January 24, 2003

Ryan's decision not admirable

Josh Steinman's article on former Illinois Governor George Ryan's decision to empty death row ("Ryan Makes the Right Decision," January 17) is saturated with statistics and empty praise, but it fails to provide a commonsense look at Ryan's actions. Steinman falls back on the oft-repeated claims constantly parroted by liberals opposed to the death penalty: that the death penalty is racist (as "proven" by numbers related to the ratio of blacks on death row to the number of blacks who commit murders) and that the death penalty is not a deterrent to further crime (as "proven" by more convoluted numbers). In reality, these claims, as well as the statistics that are used to support them, is controversial, and vary according to what special interest group spouts them out. However, Steinman's fondness for numbers impedes his understanding of crucial, non-numerical facts of the former governor's history.

George Ryan is no "courageous ideologue," nor is he a "legislator of true greatness." He also never "stuck to [his] guns" because of a "self-conception rooted in the position [he] takes." The George Ryan I am familiar with, as a lifelong resident of Illinois (and not of another state, as Steinman is), is an old school, backroom, scandal-plagued politician who paid his dues with bribery and other felonies in order to ascend to the state's highest office. I doubt those prosecuting his cronies (and hopefully the governor himself in the future) in the "license for bribes" scandal think of him as courageous, nor do the families of local prison workers he laid off in order to open a new prison in his hometown.

George Ryan is not courageous, but corrupt. Emptying death row had nothing to do with ideals or courage, but everything to do with saving face. Ryan was leaving office as a disgraced man with an approval rating under 20 percent. Making himself a hero for the anti-death penalty camp both in the United States and abroad, was a sure way to deflect attention from his myriad of scandals, and focus attention on his "courage" and "ideals." Ryan's underhanded ploy has seemingly worked, as even intelligent young men like Mr. Steinman have bought into the dirty political lies.

Illinois's death penalty system certainly has had problems in the past. Several men sentenced to death were eventually released, and this is clearly a problem. However, to my knowledge, Illinois has never executed an innocent man. The fact that these 13 exonerated men were freed lends testament to how the system, although problematic, actually is working. Unfortunately, these men were subjected to years of undeserved prison sentences, and this is something that has to be straightened out. However, a blanket clemency is not the right way to mend any problems within the system.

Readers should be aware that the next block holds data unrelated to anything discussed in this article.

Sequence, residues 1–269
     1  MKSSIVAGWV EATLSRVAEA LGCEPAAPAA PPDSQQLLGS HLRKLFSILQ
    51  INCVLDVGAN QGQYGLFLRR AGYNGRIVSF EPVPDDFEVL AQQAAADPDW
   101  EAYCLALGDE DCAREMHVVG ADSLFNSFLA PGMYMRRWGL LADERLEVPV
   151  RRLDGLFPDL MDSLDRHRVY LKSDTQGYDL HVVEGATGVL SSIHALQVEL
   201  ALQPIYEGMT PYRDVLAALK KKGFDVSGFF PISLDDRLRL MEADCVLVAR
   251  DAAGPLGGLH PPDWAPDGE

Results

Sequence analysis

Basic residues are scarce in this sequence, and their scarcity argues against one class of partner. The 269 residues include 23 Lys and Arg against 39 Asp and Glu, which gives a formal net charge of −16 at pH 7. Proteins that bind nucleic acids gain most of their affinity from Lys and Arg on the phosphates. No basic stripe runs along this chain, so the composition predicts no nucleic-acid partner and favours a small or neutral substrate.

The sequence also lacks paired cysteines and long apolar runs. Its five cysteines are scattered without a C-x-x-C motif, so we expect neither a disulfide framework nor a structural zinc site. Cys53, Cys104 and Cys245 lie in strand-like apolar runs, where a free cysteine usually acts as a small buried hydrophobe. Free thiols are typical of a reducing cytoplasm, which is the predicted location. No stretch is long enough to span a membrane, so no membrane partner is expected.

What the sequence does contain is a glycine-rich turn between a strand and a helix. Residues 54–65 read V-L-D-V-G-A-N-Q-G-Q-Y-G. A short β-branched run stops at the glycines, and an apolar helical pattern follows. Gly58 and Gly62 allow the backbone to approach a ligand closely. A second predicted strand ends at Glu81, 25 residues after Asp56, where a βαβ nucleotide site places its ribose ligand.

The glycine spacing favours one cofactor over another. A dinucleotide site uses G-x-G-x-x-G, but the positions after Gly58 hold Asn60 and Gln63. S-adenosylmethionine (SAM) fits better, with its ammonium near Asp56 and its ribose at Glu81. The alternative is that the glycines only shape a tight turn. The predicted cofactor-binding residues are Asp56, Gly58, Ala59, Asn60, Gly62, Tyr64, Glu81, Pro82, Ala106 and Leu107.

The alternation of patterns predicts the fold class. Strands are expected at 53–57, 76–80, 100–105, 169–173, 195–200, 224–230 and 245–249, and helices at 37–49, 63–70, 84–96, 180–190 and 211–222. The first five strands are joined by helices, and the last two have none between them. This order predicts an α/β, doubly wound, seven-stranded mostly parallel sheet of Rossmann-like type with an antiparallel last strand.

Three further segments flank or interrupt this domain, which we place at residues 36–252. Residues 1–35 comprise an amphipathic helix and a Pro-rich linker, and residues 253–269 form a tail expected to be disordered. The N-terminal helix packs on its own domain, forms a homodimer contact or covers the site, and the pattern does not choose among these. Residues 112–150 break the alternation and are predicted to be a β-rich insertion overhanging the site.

With his decision, Ryan undermined the entire state court system, not to mention the legislature, using power in ways reminiscent of despots of old. The Illinois court system is not nearly as unjust, unfair, and corrupt as people make it out to be. Undermining this court system suggests that all decisions it makes are useless, and should not be taken seriously. This is a dangerous problem. Our nation is a nation of laws and once the bodies that interpret and pass judgment on those laws are made null, a variety of problems can erupt.

George Ryan entered politics more than 50 years ago, and during that time has paid his dues in exchange for power. After those dues were made public, he attempted to save face by making a dangerous and downright ridiculous decision. Up until a few years ago, Ryan, a Republican, was one of the state's staunchest supporters of capital punishment. Suddenly, at the same moment that his scandals began their run as public fodder, he had a change of heart, and became a hero for those opposed to the death penalty. This is no courageous ideologue who sticks to his guns, as Steinman claims. George Ryan is a piranha, a predator who preys on popularity and changes like a chameleon when the colors of public opinion shift. He is no hero for Mr. Steinman and his ilk. He is no advocate for peace and is not deserving of a Nobel Peace Prize. He is a disgrace to this state, and I, for one, am thankful that his time is up.